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NEC Suspends Petrol Subsidy Removal



Petrol: Price Difference Reason For Long Queues – NNPCL

The National Economic Council (NEC) has made the decision to delay the removal of subsidies on petroleum products until the end of President Muhammadu Buhari’s term, News About Nigeria reports.

During a press conference at the Presidential Villa in Abuja, Finance, Budget, and National Planning Minister Zainab Ahmed revealed the decision, which was made at the conclusion of a NEC meeting chaired by Vice President Yemi Osinbajo.

According to Ahmed, the removal of subsidies may not occur until June due to the provisions of the Petroleum Industry Act (PIA) and the 2023 budget, which provide for subsidies until that time.

She also mentioned that there is no set date for when the subsidies will be removed, and that the decision will be made by the incoming administration.

If there is a delay, the PIA and budget provisions may need to be modified.

The move to remove fuel subsidies has long been a contentious issue in Nigeria, with some arguing that it is necessary to reduce government spending and stimulate economic growth, while others maintain that it will lead to significant price increases for consumers and exacerbate poverty in the country.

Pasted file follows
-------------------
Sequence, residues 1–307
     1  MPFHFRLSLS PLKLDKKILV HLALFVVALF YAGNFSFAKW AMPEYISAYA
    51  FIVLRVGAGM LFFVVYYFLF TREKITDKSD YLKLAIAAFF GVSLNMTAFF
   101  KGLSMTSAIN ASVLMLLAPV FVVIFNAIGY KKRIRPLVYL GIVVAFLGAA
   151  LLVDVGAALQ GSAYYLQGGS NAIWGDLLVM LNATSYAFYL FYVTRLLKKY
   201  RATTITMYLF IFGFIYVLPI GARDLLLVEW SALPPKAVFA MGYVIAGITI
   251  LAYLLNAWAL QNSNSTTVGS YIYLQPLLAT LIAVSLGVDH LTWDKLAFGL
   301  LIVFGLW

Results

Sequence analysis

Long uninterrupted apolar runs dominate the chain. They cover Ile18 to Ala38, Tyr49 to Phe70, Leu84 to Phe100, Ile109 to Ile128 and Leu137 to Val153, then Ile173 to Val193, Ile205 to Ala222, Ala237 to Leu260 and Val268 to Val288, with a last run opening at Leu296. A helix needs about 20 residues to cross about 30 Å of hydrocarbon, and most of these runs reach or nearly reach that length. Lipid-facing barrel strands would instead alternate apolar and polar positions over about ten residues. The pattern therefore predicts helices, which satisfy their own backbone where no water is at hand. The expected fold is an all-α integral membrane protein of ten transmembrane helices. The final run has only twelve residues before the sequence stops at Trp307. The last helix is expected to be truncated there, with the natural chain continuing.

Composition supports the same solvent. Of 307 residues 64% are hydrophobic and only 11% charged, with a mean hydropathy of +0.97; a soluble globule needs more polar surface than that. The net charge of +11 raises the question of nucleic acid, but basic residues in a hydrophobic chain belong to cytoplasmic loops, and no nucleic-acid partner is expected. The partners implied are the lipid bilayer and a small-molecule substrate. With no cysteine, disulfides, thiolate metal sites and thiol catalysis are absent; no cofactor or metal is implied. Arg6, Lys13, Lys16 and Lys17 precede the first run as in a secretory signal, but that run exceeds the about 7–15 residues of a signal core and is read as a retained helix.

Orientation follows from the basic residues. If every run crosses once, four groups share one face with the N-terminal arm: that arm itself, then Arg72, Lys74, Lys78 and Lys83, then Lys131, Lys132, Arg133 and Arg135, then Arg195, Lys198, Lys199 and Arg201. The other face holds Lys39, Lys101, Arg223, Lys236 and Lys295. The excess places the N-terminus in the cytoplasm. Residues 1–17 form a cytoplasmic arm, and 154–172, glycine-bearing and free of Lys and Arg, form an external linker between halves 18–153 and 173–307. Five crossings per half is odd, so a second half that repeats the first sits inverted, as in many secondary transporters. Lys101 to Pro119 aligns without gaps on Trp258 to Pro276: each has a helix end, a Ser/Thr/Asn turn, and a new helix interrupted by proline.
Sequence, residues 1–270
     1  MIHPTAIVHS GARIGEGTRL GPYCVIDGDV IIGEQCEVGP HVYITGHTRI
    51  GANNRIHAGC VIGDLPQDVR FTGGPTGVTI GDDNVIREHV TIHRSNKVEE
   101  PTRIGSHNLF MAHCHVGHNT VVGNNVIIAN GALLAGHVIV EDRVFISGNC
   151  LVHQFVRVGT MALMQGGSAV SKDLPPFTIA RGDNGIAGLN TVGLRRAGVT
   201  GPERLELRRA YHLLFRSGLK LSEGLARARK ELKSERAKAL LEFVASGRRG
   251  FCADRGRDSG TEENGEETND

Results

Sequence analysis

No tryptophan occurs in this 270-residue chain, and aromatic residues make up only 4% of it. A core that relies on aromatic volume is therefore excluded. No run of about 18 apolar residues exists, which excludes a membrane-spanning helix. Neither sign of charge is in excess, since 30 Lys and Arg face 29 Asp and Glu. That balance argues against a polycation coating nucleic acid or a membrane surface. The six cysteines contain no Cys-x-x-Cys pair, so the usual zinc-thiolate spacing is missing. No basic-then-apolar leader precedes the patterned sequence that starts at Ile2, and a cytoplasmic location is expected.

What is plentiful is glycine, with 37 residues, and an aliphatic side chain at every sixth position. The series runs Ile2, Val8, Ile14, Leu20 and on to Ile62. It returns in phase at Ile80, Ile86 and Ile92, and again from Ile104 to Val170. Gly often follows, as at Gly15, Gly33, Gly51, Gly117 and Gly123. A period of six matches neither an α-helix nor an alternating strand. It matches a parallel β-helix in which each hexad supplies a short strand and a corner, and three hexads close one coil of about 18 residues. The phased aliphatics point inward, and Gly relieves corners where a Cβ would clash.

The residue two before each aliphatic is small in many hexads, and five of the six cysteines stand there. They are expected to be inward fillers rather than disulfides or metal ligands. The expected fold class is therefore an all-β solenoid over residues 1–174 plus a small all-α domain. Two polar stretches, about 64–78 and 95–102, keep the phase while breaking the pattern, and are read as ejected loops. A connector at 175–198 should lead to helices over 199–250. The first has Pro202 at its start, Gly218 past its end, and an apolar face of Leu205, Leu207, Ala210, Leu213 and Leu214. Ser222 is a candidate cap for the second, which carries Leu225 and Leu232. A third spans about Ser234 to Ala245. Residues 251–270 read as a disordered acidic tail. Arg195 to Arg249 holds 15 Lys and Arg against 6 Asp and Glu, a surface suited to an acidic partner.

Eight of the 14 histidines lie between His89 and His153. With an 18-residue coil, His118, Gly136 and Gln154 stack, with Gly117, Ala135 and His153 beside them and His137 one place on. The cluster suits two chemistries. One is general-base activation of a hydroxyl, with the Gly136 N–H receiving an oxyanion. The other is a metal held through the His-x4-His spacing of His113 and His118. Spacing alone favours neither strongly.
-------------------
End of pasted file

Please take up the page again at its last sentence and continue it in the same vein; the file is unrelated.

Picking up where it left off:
Advocates of subsidy removal argue that the current system is inefficient and wasteful, as it allows wealthy individuals and companies to benefit from government subsidies that were intended to help the poor.

In addition, they argue that the subsidies have contributed to the country’s current economic problems, as they have created a significant burden on government finances and made it difficult for the government to invest in much-needed infrastructure and social programs.

Opponents of subsidy removal argue that the government should instead focus on improving the efficiency of the subsidy system, rather than eliminating it altogether.

They argue that the removal of subsidies will lead to significant price increases for consumers, which will have a particularly negative impact on low-income households.

In addition, they argue that the government should be investing in social programs and infrastructure, rather than cutting spending on essential services.